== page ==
Monday, October 31, 2011

In Armenia, disabled people stage protest to illustrate failures, frustrations of capital municipality

From ArmeniaNow:

Last week, a group of wheelchair-bound citizens showed the public and the authorities that in Yerevan neither public transportation, streets nor even state offices are accessible for about 4,000 people who are affected by the slight.

During a campaign Oct. 26, initiated by a number of NGOs dealing with the rights of the disabled, and the Ombudsman’s Office of Armenia, a group of disabled people tried to reach from the Metro’s Republic Square station to the Yerevan Municipality building, in order to pass their letter to Mayor Karen Karapetyan.

In the letter, referring to the UN Convention on the Rights of Persons with Disabilities (enforced in Armenia since 2010) and the RA Law ‘On Social Protection of the Disabled People’, they ask to make the public transportation and constructions, roads, the entrances of open-air and closed institutions, including schools, residences, medical institutions and offices available for the disabled.

Members of Empyray rock band, showman Egor Glumov, editor of ‘Yes’ (I) magazine Ani Kochar, who accompanied her husband, sitting in a wheelchair, joined the campaign.

“Whatever is available for everybody must be available for the disabled. But in Armenia cinemas, cultural institutions, a great part of state buildings, are not for the disabled, there is no accessible transport. So many laws, constructional norms were adopted, government decisions were made, however, no headway was made in the matter, and we feel no changes in our life yet. We will stay dependent on our assistants as we were before, unless real steps are taken,” says head of Unison NGO Armen Alaverdyan who, himself, use a wheelchair.

Member of the campaign, 34-year-old Shushan Nahapetyan (paralyzed since age 12 when a balcony collapsed), who lives in one of Yerevan suburbs, told ArmeniaNow that there are few places in Yerevan, which are available for her, and in case of attending those places she is always accompanied by someone to help her.

“Even if there is no problem in an institution I attend, I meet obstacles outdoors. I hope that the issue of transport will finally be settled. We are not tired of repeating that all people have equal rights, and available environment is for everybody,” says Nahapetyan, who has no independence outside her home.

Alaverdyan says that adjusting the public transport to the disabled does not need as much money and much time as authorities say. He brought London’s example, where in 2000 the adjusted transport made only five percent of public transpiration, whereas in 2006, thanks to the enforced law, the last unsuitable bus was removed to a museum.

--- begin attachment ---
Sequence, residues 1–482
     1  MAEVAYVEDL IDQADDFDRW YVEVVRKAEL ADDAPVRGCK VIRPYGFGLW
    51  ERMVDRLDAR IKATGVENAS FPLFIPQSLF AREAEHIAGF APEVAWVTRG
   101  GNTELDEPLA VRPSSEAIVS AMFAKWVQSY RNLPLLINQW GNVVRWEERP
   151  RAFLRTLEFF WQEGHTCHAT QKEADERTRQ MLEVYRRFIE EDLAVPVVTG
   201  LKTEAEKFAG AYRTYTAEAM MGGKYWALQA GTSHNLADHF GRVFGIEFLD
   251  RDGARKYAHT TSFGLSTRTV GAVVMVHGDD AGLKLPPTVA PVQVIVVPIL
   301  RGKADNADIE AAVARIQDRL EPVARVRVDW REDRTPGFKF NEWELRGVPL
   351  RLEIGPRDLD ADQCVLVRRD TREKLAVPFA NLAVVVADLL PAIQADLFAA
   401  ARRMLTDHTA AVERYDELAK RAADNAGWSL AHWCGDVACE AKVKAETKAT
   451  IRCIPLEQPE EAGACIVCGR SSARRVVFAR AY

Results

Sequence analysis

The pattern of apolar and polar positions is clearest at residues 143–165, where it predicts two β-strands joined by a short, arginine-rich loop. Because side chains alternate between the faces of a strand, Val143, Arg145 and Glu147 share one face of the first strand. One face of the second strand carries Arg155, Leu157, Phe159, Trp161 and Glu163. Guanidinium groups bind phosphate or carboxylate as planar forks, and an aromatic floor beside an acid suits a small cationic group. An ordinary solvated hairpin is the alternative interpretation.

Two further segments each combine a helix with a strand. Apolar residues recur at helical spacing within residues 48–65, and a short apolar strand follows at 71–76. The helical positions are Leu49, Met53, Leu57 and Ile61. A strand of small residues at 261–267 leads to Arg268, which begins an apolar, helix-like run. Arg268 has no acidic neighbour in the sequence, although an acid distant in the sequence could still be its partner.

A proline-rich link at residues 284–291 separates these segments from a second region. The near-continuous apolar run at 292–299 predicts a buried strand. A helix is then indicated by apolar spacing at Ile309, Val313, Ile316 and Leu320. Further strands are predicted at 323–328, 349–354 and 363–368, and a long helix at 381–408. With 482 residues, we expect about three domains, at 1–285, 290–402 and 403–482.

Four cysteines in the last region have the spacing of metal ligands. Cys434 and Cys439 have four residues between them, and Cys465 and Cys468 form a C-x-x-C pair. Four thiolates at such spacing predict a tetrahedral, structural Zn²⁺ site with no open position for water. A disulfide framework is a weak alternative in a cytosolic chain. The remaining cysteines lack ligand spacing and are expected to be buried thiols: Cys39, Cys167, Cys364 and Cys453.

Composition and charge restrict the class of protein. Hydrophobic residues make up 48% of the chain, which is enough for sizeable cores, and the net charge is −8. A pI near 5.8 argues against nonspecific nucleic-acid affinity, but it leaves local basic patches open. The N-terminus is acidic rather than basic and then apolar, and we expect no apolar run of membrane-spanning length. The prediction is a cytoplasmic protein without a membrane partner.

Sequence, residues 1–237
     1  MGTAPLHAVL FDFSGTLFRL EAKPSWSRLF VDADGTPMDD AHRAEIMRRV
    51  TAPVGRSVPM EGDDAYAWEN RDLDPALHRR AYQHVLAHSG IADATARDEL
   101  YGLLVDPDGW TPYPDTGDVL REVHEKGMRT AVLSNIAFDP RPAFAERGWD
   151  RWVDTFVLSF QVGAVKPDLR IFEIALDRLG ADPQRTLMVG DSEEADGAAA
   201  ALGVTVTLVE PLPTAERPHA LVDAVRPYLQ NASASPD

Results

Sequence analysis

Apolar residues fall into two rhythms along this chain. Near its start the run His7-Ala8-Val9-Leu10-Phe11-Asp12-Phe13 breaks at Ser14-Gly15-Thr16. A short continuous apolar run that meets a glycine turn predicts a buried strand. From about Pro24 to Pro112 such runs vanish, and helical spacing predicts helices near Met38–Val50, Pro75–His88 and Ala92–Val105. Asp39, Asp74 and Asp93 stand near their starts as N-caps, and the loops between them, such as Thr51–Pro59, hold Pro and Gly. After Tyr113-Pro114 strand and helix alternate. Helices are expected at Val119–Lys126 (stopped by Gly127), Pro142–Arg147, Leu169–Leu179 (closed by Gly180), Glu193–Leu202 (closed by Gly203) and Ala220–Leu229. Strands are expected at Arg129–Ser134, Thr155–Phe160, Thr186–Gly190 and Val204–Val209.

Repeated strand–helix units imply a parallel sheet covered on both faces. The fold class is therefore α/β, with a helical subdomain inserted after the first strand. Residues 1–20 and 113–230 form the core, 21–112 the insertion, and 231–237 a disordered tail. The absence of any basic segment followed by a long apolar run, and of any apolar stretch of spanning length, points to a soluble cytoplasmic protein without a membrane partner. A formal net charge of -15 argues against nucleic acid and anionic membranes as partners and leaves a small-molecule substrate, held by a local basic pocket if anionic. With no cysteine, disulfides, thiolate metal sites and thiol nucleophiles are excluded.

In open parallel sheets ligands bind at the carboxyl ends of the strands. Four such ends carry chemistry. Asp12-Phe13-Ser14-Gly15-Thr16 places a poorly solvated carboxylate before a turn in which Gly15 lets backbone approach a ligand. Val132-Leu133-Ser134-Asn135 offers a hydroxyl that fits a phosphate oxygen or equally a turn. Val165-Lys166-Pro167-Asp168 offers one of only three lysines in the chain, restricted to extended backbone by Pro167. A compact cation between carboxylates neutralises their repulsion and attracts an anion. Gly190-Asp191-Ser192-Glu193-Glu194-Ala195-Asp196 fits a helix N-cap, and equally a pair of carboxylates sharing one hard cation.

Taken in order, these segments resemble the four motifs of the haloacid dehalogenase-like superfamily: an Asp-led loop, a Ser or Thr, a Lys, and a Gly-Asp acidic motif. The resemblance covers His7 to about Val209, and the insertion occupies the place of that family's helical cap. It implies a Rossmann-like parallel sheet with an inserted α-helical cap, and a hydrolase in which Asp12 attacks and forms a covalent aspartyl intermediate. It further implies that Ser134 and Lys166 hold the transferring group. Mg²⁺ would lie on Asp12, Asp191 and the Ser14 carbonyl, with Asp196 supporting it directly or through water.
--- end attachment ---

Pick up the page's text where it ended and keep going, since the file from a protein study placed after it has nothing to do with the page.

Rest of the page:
“You may say that Great Britain is a rich country, and Armenia is not, but if we compare the transpiration parks of London and all of Armenia, we will see that they are incomparable. So it is possible to do that, it is simply necessary to have a will and definite laws,” Alaverdyan says.

The attempt of the disabled to travel freely failed immediately, as the steep, narrow ramp to the central station of Yerevan was unsuitable and even dangerous for their use.

Ombudsman Karen Andreasyan pointed at the steep ramps saying that even fully-capable person would be challenged by them. Andreasyan accompanied a wheelchair-bound person, in an attempt to board a city bus, only to find that the bus door was too narrow to let the wheelchair in, nor was there a place to store it.

The disabled also tried to enter the office of Prosecutor General, and found that there was no ramp. The demonstrators found a ramp at the reception hall in Yerevan Municipality; however, the participants of the campaign were not invited inside.

Head of the Department of Transport at Yerevan Municipality Henrik Navasardyan came out instead and said that 66 busses which will be imported to Yerevan in mid-December are also not adjusted to the disabled. He promised that they would be adjusted to disabled people by the municipality’s funds next year.

Navasardyan said that as of now there are only two trolleybuses accessible to the disabled in Yerevan. Head of Unison NGO Alaverdyan is not sure that the imported busses will be available for them.

“The municipality’s answer was not something new for us. Let’s understand correctly – common buses will be imported, however, we hope that some of them will be adjusted [to the disabled], and we must actively participate in this process so that the adjustment is not formal and buses become really usable,” he said.